To test the relative cardiovascular risks of the two agents, the PRONOUNCE study was launched at 113 sites in 12 countries. Patients with confirmed prostate cancer and a history of ASCVD (defined as a prior MI, prior percutaneous or surgical revascularization of the carotid, coronary, iliac, femoral, or popliteal arteries, documented stenosis > 50% in any of those vessels, or PAD) were randomized to either degarelix or leuprolide for at least 12 months. With degarelix, patients received a subcutaneous 240-mg loading dose followed by a monthly maintenance dose of 80 mg. Leuprolide dosing was an intramuscular injection of 22.5 mg every 3 months.

At 12 months, the primary endpoint occurred in 4.1% of patients treated with leuprolide and 5.5% of those who received degarelix (P = 0.53). In the sensitivity analysis using an expanded 4-point MACE that included hospitalization for unstable angina, there was again no difference between the two drugs. Other sensitivity analyses showed no difference between treatments.

Study investigators planned to include 900 patients, but given slow enrollment, the data safety and monitoring board (DSMB), in discussions with the study sponsor, terminated the trial in March 2020 with just 545 patients randomized. Additionally, investigators assumed a 1-year MACE rate of 10.2% with leuprolide, but the actual event rate was much lower. Focusing on this lower-than-expected event rate, Suter pointed out that patients in the trial were treated very well with medical therapy, with approximately 84% given statins, 73% renin-angiotensin-aldosterone system (RAAS) inhibitors, and 69% beta-blockers.

‘The Data We Have’

In his discussion following the Hot Line session, Suter highlighted a recent meta-analysis suggesting that there is a lower risk of CVD events and a lower risk of cardiovascular death with the GnRH antagonists, like degarelix. The HERO trial, which tested the GnRH antagonist relugolix (Orgovyx; Myovant Sciences) against leuprolide also reported a lower risk of MACE with relugolix, but that was not a dedicated CVD trial with event adjudication.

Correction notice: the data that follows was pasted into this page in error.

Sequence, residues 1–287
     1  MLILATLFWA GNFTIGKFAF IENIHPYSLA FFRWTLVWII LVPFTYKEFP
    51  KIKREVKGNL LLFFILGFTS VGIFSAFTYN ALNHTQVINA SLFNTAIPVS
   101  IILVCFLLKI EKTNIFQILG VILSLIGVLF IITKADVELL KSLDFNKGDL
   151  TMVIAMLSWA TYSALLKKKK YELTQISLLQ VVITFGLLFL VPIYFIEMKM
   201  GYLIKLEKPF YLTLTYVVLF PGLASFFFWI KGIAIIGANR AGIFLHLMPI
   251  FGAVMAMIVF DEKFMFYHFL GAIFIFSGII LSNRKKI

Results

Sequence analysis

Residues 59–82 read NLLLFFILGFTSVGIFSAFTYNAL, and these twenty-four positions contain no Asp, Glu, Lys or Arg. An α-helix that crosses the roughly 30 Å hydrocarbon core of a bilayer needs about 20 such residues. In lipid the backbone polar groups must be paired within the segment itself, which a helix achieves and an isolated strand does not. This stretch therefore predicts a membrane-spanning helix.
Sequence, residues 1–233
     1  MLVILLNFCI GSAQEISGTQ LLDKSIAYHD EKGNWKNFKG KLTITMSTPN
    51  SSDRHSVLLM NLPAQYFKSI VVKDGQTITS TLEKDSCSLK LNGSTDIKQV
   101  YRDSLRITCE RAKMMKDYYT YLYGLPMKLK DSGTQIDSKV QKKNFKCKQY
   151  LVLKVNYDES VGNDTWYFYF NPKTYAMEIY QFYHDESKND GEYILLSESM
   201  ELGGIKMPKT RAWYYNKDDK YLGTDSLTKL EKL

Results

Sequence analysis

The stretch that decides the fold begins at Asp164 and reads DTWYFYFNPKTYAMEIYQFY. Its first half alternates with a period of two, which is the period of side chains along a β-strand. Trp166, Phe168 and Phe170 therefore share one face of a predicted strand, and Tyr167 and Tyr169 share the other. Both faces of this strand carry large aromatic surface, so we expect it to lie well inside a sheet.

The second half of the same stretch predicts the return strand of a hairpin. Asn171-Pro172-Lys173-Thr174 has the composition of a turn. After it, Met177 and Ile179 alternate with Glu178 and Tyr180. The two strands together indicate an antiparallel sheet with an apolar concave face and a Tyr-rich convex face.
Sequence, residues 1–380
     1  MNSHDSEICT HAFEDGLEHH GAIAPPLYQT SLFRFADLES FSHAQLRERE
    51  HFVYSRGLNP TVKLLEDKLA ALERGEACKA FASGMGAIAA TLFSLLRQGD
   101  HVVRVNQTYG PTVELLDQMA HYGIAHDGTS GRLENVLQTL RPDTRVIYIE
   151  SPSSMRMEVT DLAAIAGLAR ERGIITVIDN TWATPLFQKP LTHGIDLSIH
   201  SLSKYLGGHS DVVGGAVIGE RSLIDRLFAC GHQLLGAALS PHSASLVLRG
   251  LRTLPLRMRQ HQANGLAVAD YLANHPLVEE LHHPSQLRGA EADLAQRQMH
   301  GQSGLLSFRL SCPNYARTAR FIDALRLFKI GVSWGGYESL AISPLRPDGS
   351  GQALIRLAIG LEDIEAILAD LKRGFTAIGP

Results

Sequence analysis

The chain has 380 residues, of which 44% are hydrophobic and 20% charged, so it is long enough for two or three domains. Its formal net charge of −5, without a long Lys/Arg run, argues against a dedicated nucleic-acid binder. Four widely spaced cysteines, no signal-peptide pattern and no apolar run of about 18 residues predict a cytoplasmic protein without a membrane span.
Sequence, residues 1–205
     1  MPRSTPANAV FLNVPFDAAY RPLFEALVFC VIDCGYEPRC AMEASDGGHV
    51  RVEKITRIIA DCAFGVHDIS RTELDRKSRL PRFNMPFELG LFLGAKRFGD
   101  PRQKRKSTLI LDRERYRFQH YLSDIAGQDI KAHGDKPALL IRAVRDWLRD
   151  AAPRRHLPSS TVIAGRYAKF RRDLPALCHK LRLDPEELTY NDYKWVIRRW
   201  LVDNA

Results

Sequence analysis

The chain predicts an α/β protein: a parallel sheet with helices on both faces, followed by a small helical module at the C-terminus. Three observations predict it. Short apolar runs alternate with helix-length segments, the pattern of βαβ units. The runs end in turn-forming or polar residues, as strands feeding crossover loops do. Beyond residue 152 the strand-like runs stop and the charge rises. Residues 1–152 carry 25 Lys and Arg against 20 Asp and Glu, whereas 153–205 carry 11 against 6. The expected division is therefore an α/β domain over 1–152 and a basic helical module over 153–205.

The data, said Suter, “isn’t quite as good as we want it to be, but this is the data we have.”

While PRONOUNCE failed to differentiate the CVD risks between the two ADT drugs, Suter said it remains important for physicians to identify high-risk patients so that they can keep close tabs on their heart while undergoing cancer treatment. Lopes made a similar point, stating that “a systematic baseline cardiovascular risk assessment is important before initiating cancer therapies.”

For Rudolf de Boer, MD, PhD (University Medical Center, Groningen, the Netherlands), who is the liaison officer for the ESC’s Council of Cardio-Oncology and began a cardio-oncology service at his hospital 3 years ago, cardiologists play a vital role in caring for patients with cancer. Their role is not about being a barrier to treatment, but rather helping to facilitate the best possible outcomes for treated patients, he said. “You form a team and persuade [oncologists] that because of you being involved, the chances are the patient may be put on cancer therapy for a longer time and may have a resolution of the malignant disease.”

Michael O’Riordan is the Managing Editor for TCTMD. He completed his undergraduate degrees at Queen’s University in Kingston, ON, and…

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  • Ferring Pharmaceuticals funded the PRONOUNCE trial.
  • Lopes reports grant support paid to his institution and/or consulting fees from Bayer, Boehringer Ingelheim, Bristol Myers Squibb, Daiichi Sankyo, GlaxoSmithKline, Medtronic, Merck, Pfizer, Portola, and Sanofi.